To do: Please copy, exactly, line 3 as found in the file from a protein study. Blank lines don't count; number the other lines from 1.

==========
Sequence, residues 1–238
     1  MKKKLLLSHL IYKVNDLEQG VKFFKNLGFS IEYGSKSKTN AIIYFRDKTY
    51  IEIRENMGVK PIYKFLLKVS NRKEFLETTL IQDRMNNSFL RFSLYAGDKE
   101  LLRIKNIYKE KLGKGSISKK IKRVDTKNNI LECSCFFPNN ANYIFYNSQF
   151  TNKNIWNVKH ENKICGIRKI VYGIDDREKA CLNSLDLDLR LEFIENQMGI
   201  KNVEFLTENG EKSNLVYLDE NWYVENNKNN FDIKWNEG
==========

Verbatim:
    51  IEIRENMGVK PIYKFLLKVS NRKEFLETTL IQDRMNNSFL RFSLYAGDKE